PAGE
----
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About Stress Urinary Incontinence and Sling Surgery at our Melbourne Clinic

What is stress urinary incontinence (SUI)?

SUI involves the involuntary loss of urine as a result of increased force, pressure or stress on the bladder. This can be a result of coughing, jumping, sneezing, lifting, exercise and numerous other physical activities. Mild cases of SUI may only be triggered by vigorous actions such as coughing and exercising, while major cases can be triggered by as little as standing up or walking across the room.

Assessment of SUI

To begin your assessment with Dr Karen McKertich, your medical history will be assessed along with a discussion around the nature, frequency and severity of the symptoms you are experiencing. This is followed by a physical examination and any tests or further investigations that are deemed necessary to find the cause of the problem.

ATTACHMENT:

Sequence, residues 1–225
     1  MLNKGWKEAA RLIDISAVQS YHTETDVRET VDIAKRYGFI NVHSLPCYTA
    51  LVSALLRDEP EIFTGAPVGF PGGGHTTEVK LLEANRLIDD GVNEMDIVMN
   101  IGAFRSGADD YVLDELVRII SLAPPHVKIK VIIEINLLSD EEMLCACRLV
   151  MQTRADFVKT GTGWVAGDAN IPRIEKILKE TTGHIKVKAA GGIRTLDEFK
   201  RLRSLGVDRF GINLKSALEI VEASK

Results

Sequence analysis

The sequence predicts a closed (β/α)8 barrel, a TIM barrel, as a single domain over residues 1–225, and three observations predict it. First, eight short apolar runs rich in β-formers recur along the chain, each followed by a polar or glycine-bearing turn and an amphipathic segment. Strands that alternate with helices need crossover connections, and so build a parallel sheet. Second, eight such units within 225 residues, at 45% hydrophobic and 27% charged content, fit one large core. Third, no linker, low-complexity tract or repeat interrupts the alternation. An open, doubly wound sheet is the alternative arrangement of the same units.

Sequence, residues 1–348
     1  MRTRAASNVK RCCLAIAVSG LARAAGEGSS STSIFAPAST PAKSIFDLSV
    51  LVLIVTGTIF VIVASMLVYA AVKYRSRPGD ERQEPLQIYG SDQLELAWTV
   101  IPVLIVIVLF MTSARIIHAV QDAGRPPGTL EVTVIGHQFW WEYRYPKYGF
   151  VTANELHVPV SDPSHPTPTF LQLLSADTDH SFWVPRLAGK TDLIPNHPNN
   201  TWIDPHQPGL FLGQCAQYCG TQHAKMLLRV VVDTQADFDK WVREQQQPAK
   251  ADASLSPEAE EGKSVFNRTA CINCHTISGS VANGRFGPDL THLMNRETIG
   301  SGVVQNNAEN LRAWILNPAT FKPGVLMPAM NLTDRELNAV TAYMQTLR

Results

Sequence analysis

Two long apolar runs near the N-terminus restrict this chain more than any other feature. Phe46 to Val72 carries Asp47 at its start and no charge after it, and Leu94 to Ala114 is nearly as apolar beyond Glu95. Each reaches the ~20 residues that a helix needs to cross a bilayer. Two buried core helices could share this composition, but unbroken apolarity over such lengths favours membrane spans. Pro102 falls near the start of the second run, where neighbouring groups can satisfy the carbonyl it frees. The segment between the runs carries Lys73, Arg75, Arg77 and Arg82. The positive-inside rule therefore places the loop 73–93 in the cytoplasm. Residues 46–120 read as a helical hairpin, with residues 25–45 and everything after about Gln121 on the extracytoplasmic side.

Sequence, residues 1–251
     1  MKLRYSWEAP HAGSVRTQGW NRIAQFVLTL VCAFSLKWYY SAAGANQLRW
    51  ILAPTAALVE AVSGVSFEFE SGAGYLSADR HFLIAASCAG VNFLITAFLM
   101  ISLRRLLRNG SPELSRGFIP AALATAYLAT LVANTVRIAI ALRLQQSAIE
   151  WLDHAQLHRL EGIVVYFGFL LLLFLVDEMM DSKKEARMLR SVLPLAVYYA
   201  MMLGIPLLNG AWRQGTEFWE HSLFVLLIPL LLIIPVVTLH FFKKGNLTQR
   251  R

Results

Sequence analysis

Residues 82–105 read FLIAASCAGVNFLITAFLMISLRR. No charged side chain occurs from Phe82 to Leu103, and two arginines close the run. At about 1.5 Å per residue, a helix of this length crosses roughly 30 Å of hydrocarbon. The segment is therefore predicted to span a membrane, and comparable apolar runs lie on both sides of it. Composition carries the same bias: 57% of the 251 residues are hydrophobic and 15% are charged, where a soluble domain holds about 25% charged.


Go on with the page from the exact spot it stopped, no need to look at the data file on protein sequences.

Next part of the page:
Sling surgery and other treatment options for SUI

A variety of treatments are available for SUI, the most effective of which will vary based on individual circumstances. Non-surgical treatments include but are not limited to weight loss, cutting out smoking, continence devices and continence aids. Injectable agents, coloposuspension and artificial urinary sphincter can also be used.

Sling surgery is also available at our Melbourne clinic to treat mild to moderate cases specifically in males. Sling surgery is a minimally invasive procedure where a device is implanted underneath the urethra in order to provide dynamic compression and repositioning of the urethra.

Pelvic floor physiotherapy for SUI

The bladder, urethra and other pelvic organs are supported by a “hammock” of muscles known as the pelvic floor. These muscles can be weakened by ageing, injury and excessive body weight, which can exacerbate the symptoms of SUI.

Pelvic floor physiotherapy aims to strengthen these muscles and provide additional support to the pelvic organs. This is often used a form of treatment for SUI, as strengthening the pelvic floor can help lessen involuntary leakage.